By Judy Rupp, columnist
Enid News and Eagle
Holiday goodies from neighbors and friends lined up on the dining table; a groaning snack table at the New Year’s Eve party; an open bag of chips passed around while you’re watching football on TV: If you’re worried about holiday weight gain, this may be where your battle will be won or lost.
Snacking has earned its bad name, but that doesn’t mean that all snacking is bad. Research on the issue is, in fact, divided.
In one USDA study, women ate 700 calories more than they thought because of thoughtless snacking. The XENDOS study found that obese persons were more frequent snackers than normal weight subjects.
But, no clear cause/effect relationship between snacking and weight gain has been established, and some studies suggest that snacking may actually help prevent weight gain by stabilizing blood sugar. While many weight loss programs discourage or forbid snacking, others, such as the Mayo Clinic Diet, incorporate snacks — or frequent small meals— as a way to manage hunger and reduce the urge to binge.
The key is not so much when you eat, but rather what you eat and how much. Below are some strategies for guiltless snacking.
AVOID CALORIE-DENSE SNACKS. The ideal snack should be 100 to 200 calories— just enough to tide you over until the next meal. You don’t get much candy or cookies for that amount, and the concentrated sugar will cause a bounce in blood sugar and a rebound hunger all too quickly. If you can’t resist Aunt Elsie’s fudge, eat it after the meal rather than as a between-meal snack.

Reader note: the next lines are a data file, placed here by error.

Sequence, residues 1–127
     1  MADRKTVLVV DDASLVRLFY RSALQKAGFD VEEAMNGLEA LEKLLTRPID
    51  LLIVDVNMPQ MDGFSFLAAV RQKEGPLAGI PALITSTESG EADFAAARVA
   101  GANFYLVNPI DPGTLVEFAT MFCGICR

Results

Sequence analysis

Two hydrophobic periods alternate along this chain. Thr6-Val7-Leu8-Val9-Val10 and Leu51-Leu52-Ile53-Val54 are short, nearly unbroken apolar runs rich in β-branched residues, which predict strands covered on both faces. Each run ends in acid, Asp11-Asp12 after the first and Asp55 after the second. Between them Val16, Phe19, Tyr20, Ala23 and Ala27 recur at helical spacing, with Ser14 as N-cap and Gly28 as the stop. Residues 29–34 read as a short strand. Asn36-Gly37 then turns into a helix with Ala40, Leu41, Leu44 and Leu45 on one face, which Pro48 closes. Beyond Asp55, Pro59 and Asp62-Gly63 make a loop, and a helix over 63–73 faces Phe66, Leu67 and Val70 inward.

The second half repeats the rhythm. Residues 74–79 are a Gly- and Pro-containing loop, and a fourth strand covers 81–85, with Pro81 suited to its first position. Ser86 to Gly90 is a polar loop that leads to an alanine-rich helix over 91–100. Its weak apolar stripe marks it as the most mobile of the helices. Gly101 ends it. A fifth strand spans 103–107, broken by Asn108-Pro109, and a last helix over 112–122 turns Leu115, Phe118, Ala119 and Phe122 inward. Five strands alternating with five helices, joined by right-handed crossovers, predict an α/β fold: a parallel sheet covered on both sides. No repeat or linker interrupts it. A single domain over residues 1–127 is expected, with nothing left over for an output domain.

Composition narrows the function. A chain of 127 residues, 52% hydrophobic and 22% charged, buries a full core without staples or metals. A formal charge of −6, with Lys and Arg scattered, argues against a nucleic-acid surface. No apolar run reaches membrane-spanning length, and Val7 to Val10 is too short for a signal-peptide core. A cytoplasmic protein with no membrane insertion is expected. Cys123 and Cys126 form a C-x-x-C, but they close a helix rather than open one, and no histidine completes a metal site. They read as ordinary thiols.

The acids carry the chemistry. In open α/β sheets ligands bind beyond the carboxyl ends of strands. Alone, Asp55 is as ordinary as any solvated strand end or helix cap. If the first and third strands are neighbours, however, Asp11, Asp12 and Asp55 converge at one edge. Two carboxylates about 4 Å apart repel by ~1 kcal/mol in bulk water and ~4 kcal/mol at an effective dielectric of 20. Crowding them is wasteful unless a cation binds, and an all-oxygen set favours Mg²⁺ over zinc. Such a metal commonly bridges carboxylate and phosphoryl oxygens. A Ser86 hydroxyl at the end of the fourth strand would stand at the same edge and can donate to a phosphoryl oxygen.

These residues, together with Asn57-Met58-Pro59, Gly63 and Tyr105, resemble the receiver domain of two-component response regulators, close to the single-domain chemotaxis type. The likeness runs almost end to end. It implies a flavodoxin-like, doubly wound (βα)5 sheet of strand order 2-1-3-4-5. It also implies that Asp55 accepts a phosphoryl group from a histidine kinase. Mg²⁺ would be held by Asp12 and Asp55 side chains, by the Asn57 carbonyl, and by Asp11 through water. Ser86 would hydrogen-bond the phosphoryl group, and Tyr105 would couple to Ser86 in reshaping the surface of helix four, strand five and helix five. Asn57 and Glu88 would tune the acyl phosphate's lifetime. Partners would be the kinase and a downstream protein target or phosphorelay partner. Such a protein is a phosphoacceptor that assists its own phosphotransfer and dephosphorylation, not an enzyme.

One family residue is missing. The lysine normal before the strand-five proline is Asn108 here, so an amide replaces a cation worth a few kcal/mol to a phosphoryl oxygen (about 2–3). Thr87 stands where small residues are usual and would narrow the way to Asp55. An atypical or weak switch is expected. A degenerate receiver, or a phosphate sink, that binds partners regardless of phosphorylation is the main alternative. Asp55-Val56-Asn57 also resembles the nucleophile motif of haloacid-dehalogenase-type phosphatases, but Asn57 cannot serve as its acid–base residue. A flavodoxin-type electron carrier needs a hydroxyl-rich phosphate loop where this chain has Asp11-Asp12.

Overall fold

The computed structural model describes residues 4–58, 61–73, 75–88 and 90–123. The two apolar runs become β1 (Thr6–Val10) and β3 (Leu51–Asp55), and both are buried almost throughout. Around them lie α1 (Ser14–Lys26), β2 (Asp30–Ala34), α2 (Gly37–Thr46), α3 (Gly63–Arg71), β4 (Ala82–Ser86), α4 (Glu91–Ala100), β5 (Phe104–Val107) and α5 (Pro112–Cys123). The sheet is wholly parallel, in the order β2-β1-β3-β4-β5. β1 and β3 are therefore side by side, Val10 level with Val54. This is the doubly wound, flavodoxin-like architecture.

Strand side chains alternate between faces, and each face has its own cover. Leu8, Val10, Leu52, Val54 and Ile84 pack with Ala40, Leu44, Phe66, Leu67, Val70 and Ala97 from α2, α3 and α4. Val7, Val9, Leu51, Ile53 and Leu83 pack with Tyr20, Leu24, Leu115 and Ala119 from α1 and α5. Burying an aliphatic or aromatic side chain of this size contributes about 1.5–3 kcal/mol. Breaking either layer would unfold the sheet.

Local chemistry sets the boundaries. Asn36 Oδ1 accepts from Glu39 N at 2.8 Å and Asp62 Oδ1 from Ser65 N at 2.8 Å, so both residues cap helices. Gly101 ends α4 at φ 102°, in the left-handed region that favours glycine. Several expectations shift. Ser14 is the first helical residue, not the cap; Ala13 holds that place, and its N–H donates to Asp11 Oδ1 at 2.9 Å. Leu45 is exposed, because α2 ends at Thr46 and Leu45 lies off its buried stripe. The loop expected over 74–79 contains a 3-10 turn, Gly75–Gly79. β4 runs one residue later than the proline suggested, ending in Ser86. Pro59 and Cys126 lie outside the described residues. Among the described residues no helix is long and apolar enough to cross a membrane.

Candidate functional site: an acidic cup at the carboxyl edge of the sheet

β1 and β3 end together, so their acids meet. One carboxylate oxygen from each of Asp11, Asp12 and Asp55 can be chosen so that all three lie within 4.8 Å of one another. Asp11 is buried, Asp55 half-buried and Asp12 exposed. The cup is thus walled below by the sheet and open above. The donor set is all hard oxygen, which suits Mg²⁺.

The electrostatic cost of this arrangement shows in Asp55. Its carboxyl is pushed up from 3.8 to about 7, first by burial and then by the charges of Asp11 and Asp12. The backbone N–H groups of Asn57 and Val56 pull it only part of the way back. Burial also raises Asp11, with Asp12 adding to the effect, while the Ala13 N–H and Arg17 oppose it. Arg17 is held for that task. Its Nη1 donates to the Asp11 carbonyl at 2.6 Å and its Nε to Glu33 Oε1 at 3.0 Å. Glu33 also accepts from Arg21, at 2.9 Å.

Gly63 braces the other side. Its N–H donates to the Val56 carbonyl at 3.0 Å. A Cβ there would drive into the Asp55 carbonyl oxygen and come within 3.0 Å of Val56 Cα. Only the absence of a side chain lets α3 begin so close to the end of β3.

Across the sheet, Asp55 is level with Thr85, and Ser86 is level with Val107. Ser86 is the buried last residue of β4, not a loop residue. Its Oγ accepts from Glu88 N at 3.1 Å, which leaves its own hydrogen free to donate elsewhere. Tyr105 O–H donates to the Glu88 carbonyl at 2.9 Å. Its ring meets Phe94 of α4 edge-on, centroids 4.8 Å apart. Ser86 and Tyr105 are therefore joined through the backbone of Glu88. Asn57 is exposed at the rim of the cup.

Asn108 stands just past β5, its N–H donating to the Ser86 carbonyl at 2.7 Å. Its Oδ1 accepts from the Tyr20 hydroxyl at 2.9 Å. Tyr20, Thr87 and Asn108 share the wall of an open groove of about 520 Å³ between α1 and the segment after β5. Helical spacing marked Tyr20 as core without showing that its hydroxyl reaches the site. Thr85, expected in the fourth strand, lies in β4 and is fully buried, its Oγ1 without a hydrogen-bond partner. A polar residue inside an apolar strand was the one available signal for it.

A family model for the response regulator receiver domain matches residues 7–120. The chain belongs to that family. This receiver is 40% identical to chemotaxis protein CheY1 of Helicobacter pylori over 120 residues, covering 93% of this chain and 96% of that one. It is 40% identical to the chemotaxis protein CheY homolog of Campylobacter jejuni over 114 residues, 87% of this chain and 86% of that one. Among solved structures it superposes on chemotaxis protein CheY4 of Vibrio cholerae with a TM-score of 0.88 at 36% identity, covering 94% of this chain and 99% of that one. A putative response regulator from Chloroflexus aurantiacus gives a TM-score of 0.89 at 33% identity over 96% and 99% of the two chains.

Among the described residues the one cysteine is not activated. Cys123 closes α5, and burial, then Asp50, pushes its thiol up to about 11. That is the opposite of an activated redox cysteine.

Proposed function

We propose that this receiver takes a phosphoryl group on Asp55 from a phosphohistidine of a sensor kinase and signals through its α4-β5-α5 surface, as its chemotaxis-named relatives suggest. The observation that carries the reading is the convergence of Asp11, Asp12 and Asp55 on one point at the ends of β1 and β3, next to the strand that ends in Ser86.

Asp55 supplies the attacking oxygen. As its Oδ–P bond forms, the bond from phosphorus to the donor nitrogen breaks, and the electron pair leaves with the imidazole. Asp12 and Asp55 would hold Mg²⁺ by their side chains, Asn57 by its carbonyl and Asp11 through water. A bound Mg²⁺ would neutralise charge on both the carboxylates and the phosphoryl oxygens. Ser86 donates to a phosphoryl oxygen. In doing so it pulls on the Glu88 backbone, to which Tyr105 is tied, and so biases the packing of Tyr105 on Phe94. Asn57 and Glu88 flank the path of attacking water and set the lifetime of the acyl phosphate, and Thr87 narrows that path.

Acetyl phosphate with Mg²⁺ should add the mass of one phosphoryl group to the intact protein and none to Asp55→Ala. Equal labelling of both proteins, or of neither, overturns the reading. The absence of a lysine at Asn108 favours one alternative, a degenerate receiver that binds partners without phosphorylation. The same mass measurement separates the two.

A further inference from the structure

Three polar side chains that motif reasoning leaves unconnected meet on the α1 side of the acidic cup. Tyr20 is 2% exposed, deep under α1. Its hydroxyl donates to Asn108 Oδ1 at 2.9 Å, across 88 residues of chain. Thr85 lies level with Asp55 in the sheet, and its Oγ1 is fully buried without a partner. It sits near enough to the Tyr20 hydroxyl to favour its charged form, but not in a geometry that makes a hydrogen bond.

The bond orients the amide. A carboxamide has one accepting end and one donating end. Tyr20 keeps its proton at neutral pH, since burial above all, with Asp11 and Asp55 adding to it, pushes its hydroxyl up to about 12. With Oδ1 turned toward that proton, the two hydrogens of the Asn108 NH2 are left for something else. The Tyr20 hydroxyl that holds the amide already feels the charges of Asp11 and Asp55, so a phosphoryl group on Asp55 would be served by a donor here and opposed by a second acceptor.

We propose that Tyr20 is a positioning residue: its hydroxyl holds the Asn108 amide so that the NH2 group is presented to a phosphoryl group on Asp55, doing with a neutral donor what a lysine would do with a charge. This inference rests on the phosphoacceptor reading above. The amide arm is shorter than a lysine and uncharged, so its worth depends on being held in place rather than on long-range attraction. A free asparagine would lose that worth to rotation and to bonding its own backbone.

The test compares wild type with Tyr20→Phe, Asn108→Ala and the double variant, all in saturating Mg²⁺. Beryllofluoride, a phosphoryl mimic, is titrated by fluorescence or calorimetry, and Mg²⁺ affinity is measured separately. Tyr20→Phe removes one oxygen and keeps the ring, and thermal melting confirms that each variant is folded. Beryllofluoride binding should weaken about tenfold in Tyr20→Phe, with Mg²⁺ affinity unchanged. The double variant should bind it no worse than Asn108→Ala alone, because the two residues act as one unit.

FRUITS, VEGGIES ARE BETTER. One hazard of frequent snacking is that junk food can easily crowd out other foods, making it harder to get the necessary five servings a day of fruits and vegetables. Make fruits and vegetables your snack, and you win twice.
At holiday snack tables, you’re likely to see a tray of raw vegetables — carrots, cauliflower and broccoli — along with a spinach or artichoke dip. Go easy on the dip, and you’re doing OK. Hummus, made from chick peas, is a better dip than those based on sour cream and cream cheese.
GO EASY ON SALTY CARBOHYDRATES such as chips and pretzels. Do you remember the old advertising slogan, “You can’t eat just one”? The extra salt is part of the habituating effect, and it’s not good for your blood pressure. The chips, as simple carbohydrates, go through the digestive system quickly, leaving you hungry again all too soon.
NUTS ARE A BETTER CHOICE, satisfying your desire for a savory snack while providing a healthy balance of protein, fat and carbohydrate. Nuts were once banned from weight-loss plans because of their high fat content, but it’s now known that the fat in nuts is mostly the healthy monounsaturated kind that helps lower cholesterol.
Walnuts are high in omega-3 fatty acids; Brazil nuts are one of the best sources of selenium. Almonds and hazelnuts are lowest in saturated fat, but all nuts are beneficial to cardiovascular health. In addition to providing fiber and healthy fats, nuts are high in L-arginine, a substance that makes arteries more supple.
GO FOR THE WHOLE GRAIN. Whole grains are slower to digest, and studies have found that they tend to discourage weight gain by increasing the efficiency of insulin.
When there are crackers on the snack table, at least some of them are likely to be whole grain, and these are the best choices not only for good health but weight control. For a delicious, low-calorie snack, try four whole-wheat crackers with thin slices of a low-fat cheese such as Mozzarella.
TAKE IT SLOW. High-fiber foods like whole grains, fruits, vegetables, nuts and beans make good snacks because they pass through your system slowly. Do your part by eating slowly.
Remember that your brain lags about 20 to 30 minutes behind your stomach in telling you how full you are. Choose your foods carefully, making sure you have snack items that will satisfy your hunger and provide energy and nutrients. Savor each bite and quit when you’ve had enough.
Rupp is a certified information and referral specialist on aging for NODA Area Agency on Aging. Contact her at 237-2236.